There are lots of things to like about Blair castle: the gardens are stunning, there’s a tame bagpiper on hand to provide the atmosphere, the arboretum contains some spectacular trees, and, should you want to walk, rather than learn about the Duke of Atholl, his private army and vast wealth, you can walk along tumbling Highland streams in colourful mixed woodlands.
Another thing is that the castle and grounds are actually open most of the year unlike many of Scotland’s visitor attractions. It is only shut from end November to the end of February and it opens again over Christmas and new year.
We wandered into the grounds by mistake having walked from where we were staying in Blair Athol, along the gorgeous path by the Tilt and arrived, by way of an avenue of beach trees, at a statue of a well-built Hercules at the highest point of Hercules walk and overlooking the beautiful and well-kept walled gardens. The children had decided what they were doing today and it had, apparently, not included a walk. They packed their own lunch and two rucksacs full of note pads and reading books and other things and dragged us off to leave them somewhere while we went on one of these hateful walks we keep dragging them on. In the end we left our voluntary Hansel and Gretel in Diana’s grove, the 2nd Duke of Athol’s tree collection, where the adventure playground proved an irresistible draw, and headed up-stream, away from the castle grounds and into the woods.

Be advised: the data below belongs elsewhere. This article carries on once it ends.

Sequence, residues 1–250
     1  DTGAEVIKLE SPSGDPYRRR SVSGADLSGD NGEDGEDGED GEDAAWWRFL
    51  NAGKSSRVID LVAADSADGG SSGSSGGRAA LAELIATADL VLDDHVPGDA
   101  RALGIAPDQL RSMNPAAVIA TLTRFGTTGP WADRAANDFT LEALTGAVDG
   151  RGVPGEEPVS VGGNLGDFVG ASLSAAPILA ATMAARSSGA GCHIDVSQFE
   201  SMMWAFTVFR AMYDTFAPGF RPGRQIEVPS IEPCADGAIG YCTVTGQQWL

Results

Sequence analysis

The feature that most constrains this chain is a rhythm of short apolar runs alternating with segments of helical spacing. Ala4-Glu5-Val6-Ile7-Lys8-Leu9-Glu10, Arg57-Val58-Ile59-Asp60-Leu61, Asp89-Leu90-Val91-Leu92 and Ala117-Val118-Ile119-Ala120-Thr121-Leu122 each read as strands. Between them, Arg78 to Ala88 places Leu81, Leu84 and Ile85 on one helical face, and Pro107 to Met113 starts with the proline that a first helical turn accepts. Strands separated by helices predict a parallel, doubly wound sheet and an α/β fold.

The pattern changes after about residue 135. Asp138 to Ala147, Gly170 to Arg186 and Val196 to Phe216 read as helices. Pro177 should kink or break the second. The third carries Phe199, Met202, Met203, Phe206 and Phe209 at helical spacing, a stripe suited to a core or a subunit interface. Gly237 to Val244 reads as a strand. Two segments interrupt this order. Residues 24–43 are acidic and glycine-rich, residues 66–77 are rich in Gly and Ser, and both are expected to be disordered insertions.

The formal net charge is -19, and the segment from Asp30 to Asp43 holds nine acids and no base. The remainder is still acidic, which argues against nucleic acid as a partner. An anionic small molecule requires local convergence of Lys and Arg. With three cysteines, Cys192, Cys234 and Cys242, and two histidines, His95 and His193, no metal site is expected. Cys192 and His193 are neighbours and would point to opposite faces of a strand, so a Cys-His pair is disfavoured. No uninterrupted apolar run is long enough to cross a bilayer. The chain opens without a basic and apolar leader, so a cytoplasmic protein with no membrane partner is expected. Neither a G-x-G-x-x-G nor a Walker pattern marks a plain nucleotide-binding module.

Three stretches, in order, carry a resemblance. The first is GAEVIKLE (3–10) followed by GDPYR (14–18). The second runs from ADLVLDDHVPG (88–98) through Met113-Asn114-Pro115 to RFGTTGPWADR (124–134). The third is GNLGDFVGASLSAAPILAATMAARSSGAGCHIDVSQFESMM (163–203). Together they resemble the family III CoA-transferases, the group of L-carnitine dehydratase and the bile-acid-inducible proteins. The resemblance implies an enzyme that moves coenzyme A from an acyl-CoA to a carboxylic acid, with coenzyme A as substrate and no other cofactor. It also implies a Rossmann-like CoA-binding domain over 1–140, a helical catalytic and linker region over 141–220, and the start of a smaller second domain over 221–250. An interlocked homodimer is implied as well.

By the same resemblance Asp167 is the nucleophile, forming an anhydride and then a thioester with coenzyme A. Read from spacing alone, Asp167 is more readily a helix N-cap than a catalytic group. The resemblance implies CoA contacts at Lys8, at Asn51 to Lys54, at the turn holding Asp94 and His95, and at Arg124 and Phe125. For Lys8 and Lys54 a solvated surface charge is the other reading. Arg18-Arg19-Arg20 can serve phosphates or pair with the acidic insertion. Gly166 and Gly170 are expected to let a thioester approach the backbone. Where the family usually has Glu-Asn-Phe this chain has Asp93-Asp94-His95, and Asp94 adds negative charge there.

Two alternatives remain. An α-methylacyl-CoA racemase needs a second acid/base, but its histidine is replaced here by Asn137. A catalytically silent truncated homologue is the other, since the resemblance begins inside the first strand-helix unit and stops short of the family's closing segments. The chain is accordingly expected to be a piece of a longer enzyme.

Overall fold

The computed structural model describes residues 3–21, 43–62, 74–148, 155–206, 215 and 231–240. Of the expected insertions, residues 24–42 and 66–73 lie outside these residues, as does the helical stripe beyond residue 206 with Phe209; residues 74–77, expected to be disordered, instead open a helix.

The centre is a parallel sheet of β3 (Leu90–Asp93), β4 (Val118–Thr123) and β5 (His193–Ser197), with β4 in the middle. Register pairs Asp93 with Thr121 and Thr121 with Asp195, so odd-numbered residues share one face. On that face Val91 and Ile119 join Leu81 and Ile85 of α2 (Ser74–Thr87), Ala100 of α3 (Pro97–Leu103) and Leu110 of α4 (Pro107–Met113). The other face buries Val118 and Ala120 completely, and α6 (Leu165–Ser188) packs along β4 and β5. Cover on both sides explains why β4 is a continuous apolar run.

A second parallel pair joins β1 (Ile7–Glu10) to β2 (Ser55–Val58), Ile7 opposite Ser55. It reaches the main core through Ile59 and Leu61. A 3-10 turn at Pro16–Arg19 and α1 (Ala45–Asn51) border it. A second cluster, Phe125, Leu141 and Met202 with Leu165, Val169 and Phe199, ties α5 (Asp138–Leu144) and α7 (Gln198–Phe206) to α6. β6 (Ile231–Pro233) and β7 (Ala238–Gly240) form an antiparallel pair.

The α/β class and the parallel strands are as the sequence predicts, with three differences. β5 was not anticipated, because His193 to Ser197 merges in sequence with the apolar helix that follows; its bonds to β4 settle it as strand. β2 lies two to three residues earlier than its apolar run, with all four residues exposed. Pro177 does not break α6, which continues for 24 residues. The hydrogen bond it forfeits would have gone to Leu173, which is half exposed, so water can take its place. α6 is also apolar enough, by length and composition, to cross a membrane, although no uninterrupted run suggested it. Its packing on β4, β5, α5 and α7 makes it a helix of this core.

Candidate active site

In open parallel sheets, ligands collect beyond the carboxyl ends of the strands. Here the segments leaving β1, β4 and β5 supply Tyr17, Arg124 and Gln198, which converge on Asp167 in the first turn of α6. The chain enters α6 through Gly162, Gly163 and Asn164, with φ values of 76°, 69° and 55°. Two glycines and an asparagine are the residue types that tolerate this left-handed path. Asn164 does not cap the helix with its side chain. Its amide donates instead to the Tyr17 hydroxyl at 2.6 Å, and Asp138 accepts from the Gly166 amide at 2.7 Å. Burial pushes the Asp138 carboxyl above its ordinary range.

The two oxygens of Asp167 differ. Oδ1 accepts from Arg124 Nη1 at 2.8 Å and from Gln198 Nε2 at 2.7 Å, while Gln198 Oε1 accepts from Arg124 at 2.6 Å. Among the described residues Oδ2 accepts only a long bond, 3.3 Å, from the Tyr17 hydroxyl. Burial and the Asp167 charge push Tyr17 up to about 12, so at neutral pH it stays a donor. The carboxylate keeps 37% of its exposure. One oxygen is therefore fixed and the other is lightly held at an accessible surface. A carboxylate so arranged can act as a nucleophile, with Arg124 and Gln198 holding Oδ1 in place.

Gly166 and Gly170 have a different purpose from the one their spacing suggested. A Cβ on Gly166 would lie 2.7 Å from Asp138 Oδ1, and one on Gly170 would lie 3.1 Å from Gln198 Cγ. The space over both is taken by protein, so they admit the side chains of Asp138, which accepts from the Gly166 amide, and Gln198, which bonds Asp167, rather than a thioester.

We managed a couple of hours, interspersed with update phone calls with the children, walking through autumnal gorge woodland of bronze-turning beech. Below us the Tilt cut and polished its way through the grey metamorphic rocks. A couple of Bridges draped with thick moss added to the atmosphere.
On our return we listened to the children regale their adventures in the woods, heard how wet their feet were and then listened to the moaning as we marched them down the spectacular avenue of limes away from the castle and to the wonderful cafe of the Water Mill in Blair Athol village.
The Water Mill is a 400 year-old working mill, bakery and cafe with delicious cakes and scones, lunches and homemade bread.